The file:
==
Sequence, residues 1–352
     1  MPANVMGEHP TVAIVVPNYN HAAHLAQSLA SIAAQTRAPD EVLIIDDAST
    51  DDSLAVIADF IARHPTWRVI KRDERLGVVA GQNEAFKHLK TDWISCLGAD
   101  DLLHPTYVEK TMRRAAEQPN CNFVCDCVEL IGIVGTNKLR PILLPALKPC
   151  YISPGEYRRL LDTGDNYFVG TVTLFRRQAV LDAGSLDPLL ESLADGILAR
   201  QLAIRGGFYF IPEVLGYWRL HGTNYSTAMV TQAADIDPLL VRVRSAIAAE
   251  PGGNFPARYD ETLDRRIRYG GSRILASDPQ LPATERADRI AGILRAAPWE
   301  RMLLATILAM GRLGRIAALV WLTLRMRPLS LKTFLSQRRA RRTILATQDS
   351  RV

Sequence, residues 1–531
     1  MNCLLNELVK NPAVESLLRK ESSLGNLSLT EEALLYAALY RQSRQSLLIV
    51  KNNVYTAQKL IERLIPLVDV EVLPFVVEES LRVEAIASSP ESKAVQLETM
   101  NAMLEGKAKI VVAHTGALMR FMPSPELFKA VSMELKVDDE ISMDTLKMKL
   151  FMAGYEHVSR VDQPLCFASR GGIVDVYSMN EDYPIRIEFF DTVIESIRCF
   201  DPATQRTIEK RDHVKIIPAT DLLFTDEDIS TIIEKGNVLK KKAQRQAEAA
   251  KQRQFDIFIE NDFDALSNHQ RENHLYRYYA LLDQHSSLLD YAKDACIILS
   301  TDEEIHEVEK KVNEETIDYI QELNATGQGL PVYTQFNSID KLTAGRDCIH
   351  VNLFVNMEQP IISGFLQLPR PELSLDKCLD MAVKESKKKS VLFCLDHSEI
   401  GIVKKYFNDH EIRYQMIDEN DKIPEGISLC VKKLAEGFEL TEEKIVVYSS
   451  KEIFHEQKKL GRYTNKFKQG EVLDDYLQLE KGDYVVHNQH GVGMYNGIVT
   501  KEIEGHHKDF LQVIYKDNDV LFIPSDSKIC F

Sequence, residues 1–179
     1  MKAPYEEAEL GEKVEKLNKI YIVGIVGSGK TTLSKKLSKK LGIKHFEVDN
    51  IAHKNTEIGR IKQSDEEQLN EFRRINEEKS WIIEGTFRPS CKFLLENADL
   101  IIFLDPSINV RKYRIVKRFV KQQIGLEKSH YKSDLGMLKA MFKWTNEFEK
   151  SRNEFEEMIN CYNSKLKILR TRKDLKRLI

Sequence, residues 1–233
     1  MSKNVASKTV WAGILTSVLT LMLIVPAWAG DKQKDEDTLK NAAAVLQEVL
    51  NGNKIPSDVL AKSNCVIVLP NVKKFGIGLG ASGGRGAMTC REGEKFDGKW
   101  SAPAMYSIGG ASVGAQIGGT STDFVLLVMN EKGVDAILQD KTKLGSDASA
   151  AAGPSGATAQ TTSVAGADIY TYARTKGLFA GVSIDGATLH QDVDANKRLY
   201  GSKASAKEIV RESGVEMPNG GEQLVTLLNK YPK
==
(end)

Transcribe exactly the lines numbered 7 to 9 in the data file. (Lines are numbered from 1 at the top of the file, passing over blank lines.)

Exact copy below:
   251  PGGNFPARYD ETLDRRIRYG GSRILASDPQ LPATERADRI AGILRAAPWE
   301  RMLLATILAM GRLGRIAALV WLTLRMRPLS LKTFLSQRRA RRTILATQDS
   351  RV